Tuesday, 25 July 2017

Ice Apples, Darkness and Firelight by Susan Price.


Artwork: copyright Andrew Price.

All life is sorrowful - but very, very sweet.

[The wolf-witch] said, “You have seen wolves hunt deer. The racing shapes against the snow, darting, turning— for the watcher, so beautiful. And it’s so good to run and feel your own strength! But for wolves, the hunt is hunger. For the deer, it is terror, and death. The hunt ends in pain and blood, with the wolves choking the deer and eating it while it still lives— Oh, did you not think of that? But now you know, and will never forget. Do you think wolves cruel now? But wolves must live, and have cubs to feed— and wolves cannot use arrows, or spears, or traps. To be happy in the den with their cubs, wolves must kill.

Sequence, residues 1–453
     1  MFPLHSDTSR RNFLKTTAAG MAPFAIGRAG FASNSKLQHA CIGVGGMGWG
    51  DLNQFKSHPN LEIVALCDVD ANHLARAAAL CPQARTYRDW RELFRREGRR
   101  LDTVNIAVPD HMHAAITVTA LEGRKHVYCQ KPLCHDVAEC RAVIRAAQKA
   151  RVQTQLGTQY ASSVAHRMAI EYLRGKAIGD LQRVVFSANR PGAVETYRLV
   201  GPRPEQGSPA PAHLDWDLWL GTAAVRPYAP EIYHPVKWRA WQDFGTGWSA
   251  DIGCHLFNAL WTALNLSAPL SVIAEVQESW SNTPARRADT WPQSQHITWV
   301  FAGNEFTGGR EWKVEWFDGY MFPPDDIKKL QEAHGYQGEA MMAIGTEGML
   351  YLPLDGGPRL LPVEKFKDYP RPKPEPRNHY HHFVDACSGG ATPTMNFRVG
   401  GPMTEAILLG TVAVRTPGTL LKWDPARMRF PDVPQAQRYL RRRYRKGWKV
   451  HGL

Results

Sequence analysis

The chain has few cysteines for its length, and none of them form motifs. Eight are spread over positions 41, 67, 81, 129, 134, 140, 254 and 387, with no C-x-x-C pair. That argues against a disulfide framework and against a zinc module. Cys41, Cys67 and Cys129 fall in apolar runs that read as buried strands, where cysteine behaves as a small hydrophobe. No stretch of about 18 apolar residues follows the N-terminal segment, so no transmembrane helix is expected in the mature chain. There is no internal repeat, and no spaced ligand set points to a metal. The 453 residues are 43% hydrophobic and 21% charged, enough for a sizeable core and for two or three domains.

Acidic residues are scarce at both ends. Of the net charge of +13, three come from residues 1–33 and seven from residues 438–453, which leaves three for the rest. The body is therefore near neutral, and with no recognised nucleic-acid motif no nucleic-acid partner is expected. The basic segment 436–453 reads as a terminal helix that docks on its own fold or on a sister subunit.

“Listen to the wolves sing when the hunting and feeding are done. So beautiful, their song, it will freeze you; and so sad it will pain you. The wolves know what they do. They know all life is sorrowful.

            “Men lie to themselves,” said the wolf-witch. “They tell themselves that, if they are good, they will be happy. They tell themselves that they can run away from sorrow, or hide from it, or pay it to go away. They say wolves are cruel, and hate them, and all the while pretend they don’t see their own hands making spears and snares. The truth is, all  life is cruel, and beautiful, and sad, and hateful and very, very sweet. You must know this.”                              Ghost Spell